Fisheries investigation after second deadly whale entanglement in B.C. waters

A humpback whale that drowned while trapped underwater by fish-farm equipment. Photo courtesy Wayne Lavoie/Facebook.

A necropsy has been completed on the latest humpback whale to drown while trapped underwater by fish-farm equipment off the British Columbia coast.

Fisheries experts say it could take much longer to determine why these creatures are becoming entangled.

Fisheries and Oceans Canada marine mammal co-ordinator Paul Cottrell said preliminary results of the necropsy should be available in a few weeks, but a final report could take months, depending on the tissues studied.

An investigation was launched Nov. 26, a day after the juvenile humpback was entangled and drowned between the inner and outer containment nets of the Grieg Seafood facility in Nootka Sound, on the west coast of Vancouver Island, Cottrell said.

"This is a record year for entanglements, (in) 2016, we are up to 22 already," he said, referring to figure for the West Coast. Six of the whales were saved, he added.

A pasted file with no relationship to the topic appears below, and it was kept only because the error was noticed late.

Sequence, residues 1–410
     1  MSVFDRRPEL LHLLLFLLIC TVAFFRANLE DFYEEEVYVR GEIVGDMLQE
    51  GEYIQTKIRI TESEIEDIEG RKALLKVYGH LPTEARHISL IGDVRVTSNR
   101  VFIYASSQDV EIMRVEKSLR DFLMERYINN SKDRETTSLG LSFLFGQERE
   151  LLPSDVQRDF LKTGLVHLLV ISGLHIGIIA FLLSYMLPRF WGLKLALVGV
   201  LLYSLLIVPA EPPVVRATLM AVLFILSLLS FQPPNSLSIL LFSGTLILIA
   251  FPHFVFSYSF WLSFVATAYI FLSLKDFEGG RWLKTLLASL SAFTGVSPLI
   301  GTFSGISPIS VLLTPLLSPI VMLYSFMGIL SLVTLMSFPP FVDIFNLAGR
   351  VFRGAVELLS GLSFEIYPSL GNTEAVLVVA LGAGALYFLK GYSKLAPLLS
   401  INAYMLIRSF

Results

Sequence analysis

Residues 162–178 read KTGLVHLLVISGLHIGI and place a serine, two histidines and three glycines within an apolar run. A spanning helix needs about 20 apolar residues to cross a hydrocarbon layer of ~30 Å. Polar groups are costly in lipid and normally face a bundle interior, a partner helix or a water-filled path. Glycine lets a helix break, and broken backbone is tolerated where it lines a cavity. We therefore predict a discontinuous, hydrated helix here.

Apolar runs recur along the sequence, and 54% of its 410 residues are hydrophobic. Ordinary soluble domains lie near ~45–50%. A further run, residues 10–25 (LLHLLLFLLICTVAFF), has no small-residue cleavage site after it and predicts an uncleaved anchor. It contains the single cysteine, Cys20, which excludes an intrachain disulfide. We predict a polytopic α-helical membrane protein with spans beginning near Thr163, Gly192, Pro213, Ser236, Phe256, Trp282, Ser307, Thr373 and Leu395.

An average year would see 10 to 15 whale entanglements, according to a Fisheries Department release.

Cottrell said the increase could be due to a combination of the remarkable resurgence of humpbacks in B.C. waters or better reporting from the public about whales in trouble.

Just two weeks before the fatal entanglement in late November, a juvenile whale died in gear left at an unused Marine Harvest fish farm near Bella Bella on B.C.'s central coast.

A third humpback was badly cut but survived in September, when Cottrell joined First Nations and workers at the same Bella Bella-area fish farm in a hours-long struggle to free the exhausted, rope-entwined animal.

"That was because we were notified immediately, were able to get the disentanglement team together, get up that and rescue the animal," Cottrell said, referring to the 1-800 number his team relies on for quick word from the public about whales in distress.

Prior to the November deaths, entanglements at fish farms were extremely rare and mostly involved gear from gill net fishing boats or shellfish trap lines, the Fisheries department said.

The Canadian Press

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